Part One’s overnights (10 million, comprising of an enormous 42.2% audience share) made it the third most-watched show of the day, rising to 11.57 million for final UK ratings; however, it becomes the most-watched show of Christmas Day 2009 when adding in the BBC HD figures (which is only right), with 12.04 million. The End of Time is a giant in Doctor Who history.
3. A Christmas Carol: 12.11 million
As with Peter Capaldi, Matt Smith’s first Christmas special is also his most-watched. In fact, it’s arguably the highest-rated of the Eleventh Doctor era – at least, his highest-rated regular episode. The Day of the Doctor was seen by 12.8 million, officially, so A Christmas Carol bests it in that regard. But the 50th anniversary special was also simulcast worldwide, viewed on iPlayer 2.9 million times in the 10 days following transmission, and was screened at cinemas, so its actual reach is much harder to gauge.
A Christmas Carol‘s overnights (10.3 million) placed it as the second most-watched programme on Christmas Day 2010 (joint with Come Fly With Me), but its consolidated 12.11 million rating confirmed it as the third highest-rated episode across all UK television for that week.
It’s a huge step-up from the 6.7 million who saw The Big Bang, while A Christmas Carol‘s “Coming Soon” trailer might’ve helped the Series 6 opener, The Impossible Astronaut achieve its 8.86 million rating.
Looking at Christmases Past and (in a contemporary way) Future, A Christmas Carol is the most-watched first festive outing for a Doctor. It’s also the fourth highest-rated Doctor Who episode since its 2005 revival, coming behind The End of Time: Part Two, and the Christmas specials which come out in 2nd and 1st place in this list…
2. The Next Doctor: 13.1 million
Russell “the T”, you tease. After it was announced that David Tennant would be leaving his role as the Tenth Doctor, 13.1 million people switched on to find out the face of The Next Doctor.
Of course, it was a bluff, and David Morrissey wasn’t the Eleventh Doctor. It worked though, making this festive episode the second most-watched of the 2005- present show.
Overnights were considerable: 11.71 million, rising to a peak of 12.58 million. Its main rival was Wallace and Gromit: A Matter of Loaf and Death, which made Doctor Who the second highest-rated programme of Christmas Day 2008.
The really notable thing about The Next Doctor is its 50.5% audience share, which is insane.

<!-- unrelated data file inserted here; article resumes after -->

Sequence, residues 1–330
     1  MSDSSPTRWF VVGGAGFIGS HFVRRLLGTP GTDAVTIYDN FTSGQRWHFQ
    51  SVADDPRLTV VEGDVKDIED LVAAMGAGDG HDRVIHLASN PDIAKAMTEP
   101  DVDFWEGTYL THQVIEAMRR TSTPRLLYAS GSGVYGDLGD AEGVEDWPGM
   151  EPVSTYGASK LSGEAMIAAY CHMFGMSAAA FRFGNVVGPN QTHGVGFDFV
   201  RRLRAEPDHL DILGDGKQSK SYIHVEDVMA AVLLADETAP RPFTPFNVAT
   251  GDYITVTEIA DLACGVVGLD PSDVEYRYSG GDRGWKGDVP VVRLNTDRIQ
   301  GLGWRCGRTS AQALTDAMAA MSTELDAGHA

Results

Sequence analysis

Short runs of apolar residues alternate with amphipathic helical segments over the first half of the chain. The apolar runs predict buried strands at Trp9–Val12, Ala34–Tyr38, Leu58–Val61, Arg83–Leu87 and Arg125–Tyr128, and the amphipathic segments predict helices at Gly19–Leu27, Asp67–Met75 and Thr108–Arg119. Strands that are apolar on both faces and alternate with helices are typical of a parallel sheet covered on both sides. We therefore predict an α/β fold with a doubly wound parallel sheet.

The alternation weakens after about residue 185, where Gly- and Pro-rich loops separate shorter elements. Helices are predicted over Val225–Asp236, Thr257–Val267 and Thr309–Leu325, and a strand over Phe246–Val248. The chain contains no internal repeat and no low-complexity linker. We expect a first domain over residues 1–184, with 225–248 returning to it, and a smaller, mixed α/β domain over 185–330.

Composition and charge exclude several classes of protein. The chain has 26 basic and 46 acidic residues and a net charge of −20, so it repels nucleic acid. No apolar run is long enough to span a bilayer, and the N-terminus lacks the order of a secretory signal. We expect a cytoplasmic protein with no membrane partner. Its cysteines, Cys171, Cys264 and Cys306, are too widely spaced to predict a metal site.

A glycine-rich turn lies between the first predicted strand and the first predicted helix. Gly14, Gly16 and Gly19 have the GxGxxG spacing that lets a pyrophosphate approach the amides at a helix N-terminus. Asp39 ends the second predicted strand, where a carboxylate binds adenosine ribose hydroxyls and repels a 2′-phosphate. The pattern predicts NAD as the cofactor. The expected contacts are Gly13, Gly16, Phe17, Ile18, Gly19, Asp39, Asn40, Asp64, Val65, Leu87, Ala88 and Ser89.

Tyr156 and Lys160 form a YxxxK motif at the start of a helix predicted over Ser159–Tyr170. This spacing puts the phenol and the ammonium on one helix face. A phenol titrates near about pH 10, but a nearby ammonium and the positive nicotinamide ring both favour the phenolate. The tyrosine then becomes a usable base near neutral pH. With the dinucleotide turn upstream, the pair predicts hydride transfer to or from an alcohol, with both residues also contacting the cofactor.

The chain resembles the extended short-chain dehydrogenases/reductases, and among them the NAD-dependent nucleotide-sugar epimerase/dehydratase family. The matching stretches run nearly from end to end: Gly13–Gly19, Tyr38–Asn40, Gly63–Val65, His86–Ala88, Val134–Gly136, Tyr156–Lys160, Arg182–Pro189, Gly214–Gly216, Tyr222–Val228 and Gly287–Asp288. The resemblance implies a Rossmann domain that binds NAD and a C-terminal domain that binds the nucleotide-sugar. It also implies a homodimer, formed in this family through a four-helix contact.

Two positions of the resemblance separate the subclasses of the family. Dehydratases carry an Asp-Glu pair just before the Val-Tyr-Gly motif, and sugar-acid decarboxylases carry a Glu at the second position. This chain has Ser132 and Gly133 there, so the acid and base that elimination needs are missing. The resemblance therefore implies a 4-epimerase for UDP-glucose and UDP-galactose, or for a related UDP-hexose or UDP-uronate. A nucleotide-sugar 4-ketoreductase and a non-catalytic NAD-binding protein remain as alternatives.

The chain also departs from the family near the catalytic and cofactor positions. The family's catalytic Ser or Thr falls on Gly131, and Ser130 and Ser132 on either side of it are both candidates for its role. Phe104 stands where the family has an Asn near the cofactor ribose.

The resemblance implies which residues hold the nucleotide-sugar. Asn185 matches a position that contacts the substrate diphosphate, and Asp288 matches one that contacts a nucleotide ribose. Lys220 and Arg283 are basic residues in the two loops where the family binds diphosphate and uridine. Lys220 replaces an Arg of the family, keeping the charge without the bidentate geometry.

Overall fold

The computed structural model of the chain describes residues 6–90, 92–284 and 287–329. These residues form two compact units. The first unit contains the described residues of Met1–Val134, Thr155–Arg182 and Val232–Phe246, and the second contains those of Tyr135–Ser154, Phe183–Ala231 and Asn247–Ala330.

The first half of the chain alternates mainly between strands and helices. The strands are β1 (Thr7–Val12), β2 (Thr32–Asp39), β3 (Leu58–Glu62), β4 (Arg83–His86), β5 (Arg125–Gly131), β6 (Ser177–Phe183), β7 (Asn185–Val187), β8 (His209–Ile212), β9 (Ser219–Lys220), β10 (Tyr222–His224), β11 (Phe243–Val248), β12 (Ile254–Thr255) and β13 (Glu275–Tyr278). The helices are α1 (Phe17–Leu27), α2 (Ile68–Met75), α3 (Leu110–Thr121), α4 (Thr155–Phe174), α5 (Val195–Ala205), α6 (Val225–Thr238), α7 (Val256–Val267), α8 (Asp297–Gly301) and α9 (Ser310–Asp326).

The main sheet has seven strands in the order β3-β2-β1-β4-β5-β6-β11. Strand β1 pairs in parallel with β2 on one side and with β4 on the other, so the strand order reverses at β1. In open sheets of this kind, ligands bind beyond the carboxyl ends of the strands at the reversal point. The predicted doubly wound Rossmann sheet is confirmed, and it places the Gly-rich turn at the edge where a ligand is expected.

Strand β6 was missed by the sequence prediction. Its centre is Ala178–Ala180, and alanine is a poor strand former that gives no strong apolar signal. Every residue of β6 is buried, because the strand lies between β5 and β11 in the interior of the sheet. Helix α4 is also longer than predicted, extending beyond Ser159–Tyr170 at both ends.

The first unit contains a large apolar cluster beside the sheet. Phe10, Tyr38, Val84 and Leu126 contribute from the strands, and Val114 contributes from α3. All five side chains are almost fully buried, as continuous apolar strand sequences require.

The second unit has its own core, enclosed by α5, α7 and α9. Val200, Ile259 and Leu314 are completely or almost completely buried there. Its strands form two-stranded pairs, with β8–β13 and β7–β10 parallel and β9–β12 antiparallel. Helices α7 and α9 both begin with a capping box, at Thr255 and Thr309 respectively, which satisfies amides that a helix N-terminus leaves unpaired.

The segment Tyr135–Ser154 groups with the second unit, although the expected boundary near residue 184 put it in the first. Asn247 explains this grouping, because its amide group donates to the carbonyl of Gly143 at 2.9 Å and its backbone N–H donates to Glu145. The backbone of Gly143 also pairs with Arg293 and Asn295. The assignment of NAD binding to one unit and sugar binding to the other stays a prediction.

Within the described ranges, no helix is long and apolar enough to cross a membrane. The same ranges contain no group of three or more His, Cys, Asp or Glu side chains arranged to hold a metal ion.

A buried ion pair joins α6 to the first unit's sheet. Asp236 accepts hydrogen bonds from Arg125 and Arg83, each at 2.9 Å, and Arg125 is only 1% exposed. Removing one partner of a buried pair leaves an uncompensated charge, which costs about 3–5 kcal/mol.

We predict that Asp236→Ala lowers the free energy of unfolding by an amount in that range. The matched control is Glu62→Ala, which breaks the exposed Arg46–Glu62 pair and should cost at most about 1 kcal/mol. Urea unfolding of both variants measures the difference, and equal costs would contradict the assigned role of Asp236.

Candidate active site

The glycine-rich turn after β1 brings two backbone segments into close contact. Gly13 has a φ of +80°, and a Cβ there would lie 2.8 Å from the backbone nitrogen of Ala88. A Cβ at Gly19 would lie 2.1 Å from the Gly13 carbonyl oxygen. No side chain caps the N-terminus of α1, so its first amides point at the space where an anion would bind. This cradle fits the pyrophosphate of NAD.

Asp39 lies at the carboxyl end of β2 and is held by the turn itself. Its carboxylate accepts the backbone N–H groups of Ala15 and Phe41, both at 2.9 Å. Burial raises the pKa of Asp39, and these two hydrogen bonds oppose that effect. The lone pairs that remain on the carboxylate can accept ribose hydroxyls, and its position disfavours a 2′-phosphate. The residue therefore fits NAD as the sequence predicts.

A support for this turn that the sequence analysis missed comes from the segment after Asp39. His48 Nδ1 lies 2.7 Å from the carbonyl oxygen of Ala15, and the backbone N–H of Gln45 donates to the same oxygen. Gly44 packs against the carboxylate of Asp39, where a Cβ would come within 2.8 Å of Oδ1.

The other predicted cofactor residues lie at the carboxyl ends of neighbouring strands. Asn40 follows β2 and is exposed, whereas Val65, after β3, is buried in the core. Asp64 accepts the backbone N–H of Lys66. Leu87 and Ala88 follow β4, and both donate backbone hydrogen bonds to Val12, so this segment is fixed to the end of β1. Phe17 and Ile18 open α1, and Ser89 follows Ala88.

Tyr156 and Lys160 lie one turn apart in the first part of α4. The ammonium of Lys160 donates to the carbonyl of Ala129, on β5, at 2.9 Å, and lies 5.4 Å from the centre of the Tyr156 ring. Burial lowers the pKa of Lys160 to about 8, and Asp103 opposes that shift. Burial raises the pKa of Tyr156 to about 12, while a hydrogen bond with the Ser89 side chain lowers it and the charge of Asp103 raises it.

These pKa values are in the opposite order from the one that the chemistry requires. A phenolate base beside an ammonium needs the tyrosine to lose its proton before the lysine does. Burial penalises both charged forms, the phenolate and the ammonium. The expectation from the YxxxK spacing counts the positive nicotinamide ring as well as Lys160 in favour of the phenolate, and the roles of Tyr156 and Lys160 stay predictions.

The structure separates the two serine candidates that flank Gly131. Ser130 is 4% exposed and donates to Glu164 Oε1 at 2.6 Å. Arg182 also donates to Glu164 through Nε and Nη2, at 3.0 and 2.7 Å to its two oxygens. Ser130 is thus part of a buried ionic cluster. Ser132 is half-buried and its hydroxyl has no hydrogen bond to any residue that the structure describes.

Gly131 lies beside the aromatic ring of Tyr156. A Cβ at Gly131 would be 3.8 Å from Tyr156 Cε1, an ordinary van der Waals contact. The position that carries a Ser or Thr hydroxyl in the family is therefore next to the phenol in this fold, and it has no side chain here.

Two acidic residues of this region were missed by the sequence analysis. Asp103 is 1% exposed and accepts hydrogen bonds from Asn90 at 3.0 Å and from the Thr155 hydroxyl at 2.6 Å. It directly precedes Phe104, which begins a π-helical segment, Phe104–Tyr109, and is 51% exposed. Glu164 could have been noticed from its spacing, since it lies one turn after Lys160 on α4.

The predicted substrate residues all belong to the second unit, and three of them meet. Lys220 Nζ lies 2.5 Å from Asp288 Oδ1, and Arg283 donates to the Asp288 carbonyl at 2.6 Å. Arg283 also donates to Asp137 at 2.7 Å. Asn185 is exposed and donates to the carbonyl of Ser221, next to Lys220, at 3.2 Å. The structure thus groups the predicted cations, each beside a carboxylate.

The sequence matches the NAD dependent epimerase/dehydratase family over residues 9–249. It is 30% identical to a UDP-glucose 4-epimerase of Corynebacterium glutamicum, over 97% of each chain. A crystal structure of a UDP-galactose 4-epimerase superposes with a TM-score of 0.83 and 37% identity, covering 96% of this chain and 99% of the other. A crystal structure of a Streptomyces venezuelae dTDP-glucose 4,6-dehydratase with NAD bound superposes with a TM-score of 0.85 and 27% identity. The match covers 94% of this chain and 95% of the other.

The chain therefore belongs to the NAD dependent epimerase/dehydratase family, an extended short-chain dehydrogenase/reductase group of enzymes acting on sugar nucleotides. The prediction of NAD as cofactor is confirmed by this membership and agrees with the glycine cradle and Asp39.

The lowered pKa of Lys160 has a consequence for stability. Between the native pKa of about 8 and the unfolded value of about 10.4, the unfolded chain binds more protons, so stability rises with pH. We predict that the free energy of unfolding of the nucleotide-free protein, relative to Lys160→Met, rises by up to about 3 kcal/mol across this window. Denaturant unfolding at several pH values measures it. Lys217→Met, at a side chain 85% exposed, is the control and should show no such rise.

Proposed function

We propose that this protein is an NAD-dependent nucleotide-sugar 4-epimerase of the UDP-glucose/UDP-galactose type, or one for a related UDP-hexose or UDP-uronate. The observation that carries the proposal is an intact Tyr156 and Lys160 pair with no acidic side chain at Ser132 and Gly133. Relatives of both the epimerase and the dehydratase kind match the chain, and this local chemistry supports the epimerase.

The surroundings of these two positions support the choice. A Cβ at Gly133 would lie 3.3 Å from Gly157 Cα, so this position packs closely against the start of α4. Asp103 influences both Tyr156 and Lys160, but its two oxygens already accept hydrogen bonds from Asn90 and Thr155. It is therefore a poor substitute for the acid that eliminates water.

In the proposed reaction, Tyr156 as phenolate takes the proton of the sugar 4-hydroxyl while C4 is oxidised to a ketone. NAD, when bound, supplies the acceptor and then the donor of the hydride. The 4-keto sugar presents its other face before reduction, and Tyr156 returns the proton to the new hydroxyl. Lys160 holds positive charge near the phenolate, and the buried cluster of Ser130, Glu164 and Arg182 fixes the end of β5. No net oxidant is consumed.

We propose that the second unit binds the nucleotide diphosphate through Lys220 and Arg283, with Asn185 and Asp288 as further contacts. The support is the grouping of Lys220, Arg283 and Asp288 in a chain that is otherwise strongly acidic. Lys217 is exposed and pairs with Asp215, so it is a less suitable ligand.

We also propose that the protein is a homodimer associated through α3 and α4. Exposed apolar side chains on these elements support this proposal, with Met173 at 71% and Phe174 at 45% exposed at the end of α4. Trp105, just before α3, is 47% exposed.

Interestingly, this episode was upscaled to a more superior definition and broadcast on BBC HD on 30th December 2008. The series started to be filmed in HD with the next serial, Planet of the Dead.
The actual confirmation of the Eleventh Doctor’s identity came on 3rd January 2009 in a special edition of Doctor Who Confidential. Overnights for Confidential confirmed it reached a peak audience of 6.9 million, although Matt Smith’s appointment was, as with other Doctors, widely reported by the media.
Let’s face it: Russell had to pull out the stops to carry on the incredible figure achieved by the previous year’s Christmas special…
1. Voyage of the Damned: 13.31 million
And here we are: the most watched Doctor Who Christmas special, and actually, the highest-rated episode of Doctor Who since City of Death in 1979.
Overnight figures suggested 12.2 million viewers switched on, but this rose to 13.31 million for its final figure, reaching a peak of 13.8 million people. Voyage of the Damned is also the second most-watched episode of British TV in the whole of 2007, just behind the instalment of EastEnders which came immediately before Doctor Who.
The increased interest in EastEnders inevitably helped Voyage of the Damned, as did the star appeal of Kylie Minogue, here playing Astrid Peth. For the story to hold the interest of over 13 million viewers over its 72-minute runtime is surely one of the series’ finest achievements.
Voyage of the Damned had a positive effect on the subsequent Series 4 too: 9.14 million saw Partners in Crime, rising to 10.57 million for the finale, Journey’s End. In fact, Doctor Who attracted over 10 million viewers for every episode bar one (Planet of the Dead, with 9.75 million) between Journey’s End and The Eleventh Hour (10.09 million).
That was Voyage of the Damned – a titanic effort which really paid off!
But that’s not the whole story. Doctor Who‘s life is immense, even beyond initial transmission. Look at the thousands of DVD and Blu-ray sales, all those who have caught episodes on catch-up and other channels. And what about streaming? Netflix doesn’t reveal its audience ratings, but as these festive serials are on the streaming service for the foreseeable future, the stories will be watched again and again and again.
It’s been said many times, many ways… The world of Doctor Who is bigger on the inside. Merry Christmas, and a Happy New Year!